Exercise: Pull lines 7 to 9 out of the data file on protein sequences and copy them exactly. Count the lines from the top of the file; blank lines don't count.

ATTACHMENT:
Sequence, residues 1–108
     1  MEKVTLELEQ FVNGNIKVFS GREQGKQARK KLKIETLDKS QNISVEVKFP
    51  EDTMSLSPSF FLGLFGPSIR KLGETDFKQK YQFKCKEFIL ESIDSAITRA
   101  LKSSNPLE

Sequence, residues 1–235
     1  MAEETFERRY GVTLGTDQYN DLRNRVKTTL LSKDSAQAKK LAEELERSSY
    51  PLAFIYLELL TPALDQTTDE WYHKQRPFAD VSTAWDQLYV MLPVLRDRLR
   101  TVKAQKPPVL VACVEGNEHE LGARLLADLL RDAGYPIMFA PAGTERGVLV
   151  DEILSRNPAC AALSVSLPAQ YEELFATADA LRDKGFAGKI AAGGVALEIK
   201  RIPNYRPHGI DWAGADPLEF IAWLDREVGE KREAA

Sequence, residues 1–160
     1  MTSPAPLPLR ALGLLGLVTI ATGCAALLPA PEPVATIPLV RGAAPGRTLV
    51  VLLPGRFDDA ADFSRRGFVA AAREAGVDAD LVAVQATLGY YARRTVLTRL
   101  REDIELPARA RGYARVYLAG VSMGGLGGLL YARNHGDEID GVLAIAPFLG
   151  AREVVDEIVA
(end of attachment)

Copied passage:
    51  PLAFIYLELL TPALDQTTDE WYHKQRPFAD VSTAWDQLYV MLPVLRDRLR
   101  TVKAQKPPVL VACVEGNEHE LGARLLADLL RDAGYPIMFA PAGTERGVLV
   151  DEILSRNPAC AALSVSLPAQ YEELFATADA LRDKGFAGKI AAGGVALEIK